What should we do when we realise we’ve turned from God? The answer is repent, a word which simply means to turn around. The same word, in fact. We turn back. When Jesus began his public ministry, it’s what he called people to do. Mark chapter 1, verses 14 and 15: Jesus went into Galilee, proclaiming the good news of God. ‘The time has come,’ he said, ‘The kingdom of God has come near. Repent and believe the good news.’ It was a call to turn around, to turn back to God. The very thing Israel won’t do in Hosea’s day. Verse 5: They refuse to repent.

So verse 5 tells them the consequence of their stubbornness. Same word: Will they not return to Egypt and will not Assyria rule over them because they refuse to repent? Long ago, they were slaves in Egypt. They’re about to get a sense of déjà vu. This time, it will be Assyria rather than Egypt, but it’s back to slavery, occupation and oppression for them.

The God who gently led and fed his people is also the God who will call time. Who will not be taken for a ride. When his people persist in turning away from him, and they won’t turn back, ultimately he’ll send them back to where they come from.

God’s fatherly love is tender, but it’s not soft. He’s not a pushover. He loves us too much for that. If we stray from the path, he will discipline us, because he wants to bring us back.

All of which is just as true for us today. The New Testament letter of Hebrews tells its readers to see the trials of life through this grid. As the loving discipline of a heavenly Father. That’s Hebrews chapter 6. Or there’s John 15. I am the vine. My Father is the gardener. You are the branches. Any branch that does bear fruit, he prunes, so that it will be even more fruitful.

Patient nurture. Firm discipline

Compassionate Devotion

And third, compassionate devotion. It’s quite hard to find a heading to sum up verses 8 and 9, because they’re so charged with deep feeling right from the heart of God. But compassionate devotion gets close.

Let me read those verses again: ‘How can I give you up, Ephraim? How can I hand you over, Israel? How can I treat you like Admah? How can I make you like Zeboyim? My heart is changed within me; all my compassion is aroused. I will not carry out my fierce anger, nor will I devastate Ephraim again. For I am God, and not a man – the Holy One among you. I will not come against their cities.

God’s going to send the Assyrians against his stubborn people. By right, that should be the end of his relationship with his people. They’ve been so disloyal, and so rebellious for so long. It’s time for God to disown them. Disinherit them. Cut them off.

But he can’t do it. We listen to God talking to himself.

In the time of Abraham, God destroyed 4 exceedingly wicked cities. He wiped them out completely with fire from heaven. The two you’ve heard of are Sodom and Gomorroah; the other two were Admah and Zaboyim. God should treat his people like those cities. But he can’t bring himself to do it. Deep within God’s heart, his compassion, his love, his devotion to his people is stirred.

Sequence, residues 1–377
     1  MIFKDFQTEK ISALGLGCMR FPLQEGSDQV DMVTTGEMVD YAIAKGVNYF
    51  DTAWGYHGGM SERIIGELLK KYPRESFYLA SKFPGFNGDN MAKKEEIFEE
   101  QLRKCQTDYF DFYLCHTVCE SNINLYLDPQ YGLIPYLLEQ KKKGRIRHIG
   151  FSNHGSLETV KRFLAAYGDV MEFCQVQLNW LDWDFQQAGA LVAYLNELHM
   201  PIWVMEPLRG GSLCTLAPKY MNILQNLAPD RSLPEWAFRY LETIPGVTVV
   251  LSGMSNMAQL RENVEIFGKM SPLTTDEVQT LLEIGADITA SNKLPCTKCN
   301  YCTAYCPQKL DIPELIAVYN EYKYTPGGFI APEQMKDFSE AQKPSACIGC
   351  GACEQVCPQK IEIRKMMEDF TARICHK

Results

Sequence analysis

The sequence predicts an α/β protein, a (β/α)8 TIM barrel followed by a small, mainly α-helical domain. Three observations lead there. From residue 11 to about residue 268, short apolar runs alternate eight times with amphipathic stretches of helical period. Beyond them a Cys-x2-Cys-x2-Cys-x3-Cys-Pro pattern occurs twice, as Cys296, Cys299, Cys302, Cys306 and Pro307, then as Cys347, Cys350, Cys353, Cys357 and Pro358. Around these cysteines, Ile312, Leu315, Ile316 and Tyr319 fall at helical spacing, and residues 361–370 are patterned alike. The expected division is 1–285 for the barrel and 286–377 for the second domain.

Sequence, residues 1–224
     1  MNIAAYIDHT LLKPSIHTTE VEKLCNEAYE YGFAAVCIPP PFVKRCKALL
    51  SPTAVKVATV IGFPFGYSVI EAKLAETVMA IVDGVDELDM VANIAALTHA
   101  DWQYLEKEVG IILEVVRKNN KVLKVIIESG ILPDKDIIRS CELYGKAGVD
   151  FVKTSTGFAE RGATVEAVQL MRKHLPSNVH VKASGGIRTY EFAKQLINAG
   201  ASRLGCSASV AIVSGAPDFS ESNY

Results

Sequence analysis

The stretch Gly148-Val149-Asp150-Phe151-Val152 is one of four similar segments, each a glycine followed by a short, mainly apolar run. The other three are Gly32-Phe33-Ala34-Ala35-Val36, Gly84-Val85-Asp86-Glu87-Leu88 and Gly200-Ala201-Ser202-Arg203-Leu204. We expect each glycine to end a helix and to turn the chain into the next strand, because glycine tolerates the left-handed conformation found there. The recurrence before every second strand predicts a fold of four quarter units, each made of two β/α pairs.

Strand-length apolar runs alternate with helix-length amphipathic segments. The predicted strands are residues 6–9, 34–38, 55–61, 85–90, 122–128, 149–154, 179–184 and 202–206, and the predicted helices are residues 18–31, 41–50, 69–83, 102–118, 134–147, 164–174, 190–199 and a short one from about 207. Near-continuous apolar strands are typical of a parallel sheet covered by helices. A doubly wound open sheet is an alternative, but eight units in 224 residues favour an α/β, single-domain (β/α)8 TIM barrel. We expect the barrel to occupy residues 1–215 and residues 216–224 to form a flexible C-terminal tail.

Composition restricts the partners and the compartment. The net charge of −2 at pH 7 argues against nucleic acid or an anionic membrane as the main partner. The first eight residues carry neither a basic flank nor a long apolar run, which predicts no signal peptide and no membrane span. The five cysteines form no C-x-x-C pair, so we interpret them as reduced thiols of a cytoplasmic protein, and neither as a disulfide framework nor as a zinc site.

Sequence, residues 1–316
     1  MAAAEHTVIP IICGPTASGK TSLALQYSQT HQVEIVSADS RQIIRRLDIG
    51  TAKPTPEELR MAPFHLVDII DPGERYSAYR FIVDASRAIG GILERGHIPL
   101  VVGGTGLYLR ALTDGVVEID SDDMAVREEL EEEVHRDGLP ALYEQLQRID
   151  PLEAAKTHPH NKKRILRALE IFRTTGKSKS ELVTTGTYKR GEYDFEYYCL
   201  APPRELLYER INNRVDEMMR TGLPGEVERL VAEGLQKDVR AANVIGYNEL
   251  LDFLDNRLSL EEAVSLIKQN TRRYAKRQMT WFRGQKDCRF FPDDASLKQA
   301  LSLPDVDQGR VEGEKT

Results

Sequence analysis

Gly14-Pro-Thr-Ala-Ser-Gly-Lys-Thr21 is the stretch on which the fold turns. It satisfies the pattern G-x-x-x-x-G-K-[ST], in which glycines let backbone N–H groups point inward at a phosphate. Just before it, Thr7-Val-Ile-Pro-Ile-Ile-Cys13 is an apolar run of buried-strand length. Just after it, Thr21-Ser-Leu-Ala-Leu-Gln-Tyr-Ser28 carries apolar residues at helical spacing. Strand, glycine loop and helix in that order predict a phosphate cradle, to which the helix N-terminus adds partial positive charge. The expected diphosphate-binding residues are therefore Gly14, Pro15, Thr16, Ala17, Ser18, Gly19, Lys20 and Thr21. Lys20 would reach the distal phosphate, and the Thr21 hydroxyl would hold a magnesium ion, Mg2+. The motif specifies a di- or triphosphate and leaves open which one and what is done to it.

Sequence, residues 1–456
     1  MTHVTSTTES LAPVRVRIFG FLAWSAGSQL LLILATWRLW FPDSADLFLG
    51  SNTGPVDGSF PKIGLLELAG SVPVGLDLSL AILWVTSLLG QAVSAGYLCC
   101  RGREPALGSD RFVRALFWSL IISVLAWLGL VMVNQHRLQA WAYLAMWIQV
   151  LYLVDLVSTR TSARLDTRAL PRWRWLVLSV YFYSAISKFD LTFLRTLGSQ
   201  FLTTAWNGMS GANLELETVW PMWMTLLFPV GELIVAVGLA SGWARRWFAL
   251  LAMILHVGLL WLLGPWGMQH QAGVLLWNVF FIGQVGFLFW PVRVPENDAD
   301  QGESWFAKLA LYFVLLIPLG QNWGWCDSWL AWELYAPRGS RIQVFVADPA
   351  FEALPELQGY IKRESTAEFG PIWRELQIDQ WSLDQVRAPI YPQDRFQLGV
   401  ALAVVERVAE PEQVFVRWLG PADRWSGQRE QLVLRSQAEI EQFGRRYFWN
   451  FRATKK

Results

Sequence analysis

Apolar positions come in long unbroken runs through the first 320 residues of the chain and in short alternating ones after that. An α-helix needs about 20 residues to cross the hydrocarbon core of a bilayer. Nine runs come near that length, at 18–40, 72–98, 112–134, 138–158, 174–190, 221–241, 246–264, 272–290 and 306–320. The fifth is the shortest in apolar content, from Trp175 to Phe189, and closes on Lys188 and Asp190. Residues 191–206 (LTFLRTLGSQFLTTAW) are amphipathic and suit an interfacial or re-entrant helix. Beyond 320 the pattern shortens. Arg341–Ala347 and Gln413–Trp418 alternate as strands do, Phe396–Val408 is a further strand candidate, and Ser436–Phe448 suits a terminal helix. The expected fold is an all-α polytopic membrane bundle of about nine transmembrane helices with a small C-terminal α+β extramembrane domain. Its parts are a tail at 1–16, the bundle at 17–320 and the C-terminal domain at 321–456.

The reason comes in verse 9: For I am God, and not a man – the Holy One among you. The word “holy” just means “set apart”, “totally different”, “unlike anything else you’ll meet”. We’re used to the word holy referring to God’s utter purity – nothing unclean can live with God. But God’s holiness is not only seen in his perfect justice; it’s also seen in his perfect love. His love is utterly unlike anything you’ll find anywhere else. He’s God, not man. With us, there’s a limit. Someone lets us down too far, we cut them out. God’s not like that. Even when his people treat him appallingly, something deep inside God cannot stop loving them.

Indeed, this side of God’s character explains the story of the Bible, the story of human history. Adam and Eve rebelled; the story should have ended there with their death. God got the people out of Egypt; they grumbled, and lost their place in the promised land, but the next generation got another chance. And so it goes on, until the grand climax: God sent Jesus. Rather than give up on the human race, God the Son became a human being. He then died on the cross to rescue us. That’s how much God loves us. What should have been the end of everything is not.

The door stands wide open. Jesus loved us, he died for us and rose again. Anyone who will turn to him, trust him, follow him, can know God’s loving forgiveness, can find God as their heavenly father. Jesus told the story of the parable of the prodigal son. The father longs for his lost boy to come home. Delighted when he does so. That’s the heart of God in Hosea 11, in Luke 15, today.

Although we then have to say that the day will come when it actually is the end. One day, Jesus will come back. Jesus told a number of parables that tell quite clearly – the door will be shut. If you’re still outside on that day, it’s too late to come in.

But until that day, the door is wide open. And so is God’s heart. He’s a God of compassion. A God devoted to us. A God full of warmth. Who longs for us to come back to him. Who longs for any ending other than shutting us out for God.

Compassionate devotion.


Jesus taught us to call God our Father. It’s how he prayed too.

How kind of God to give us a glimpse into his heart. What kind of father he is. To draw us to trust him, to enjoy knowing his fatherly love.

We see his patient nurture. His firm discipline. And his compassionate devotion.

His love is quite unlike the love you’ll find anywhere else.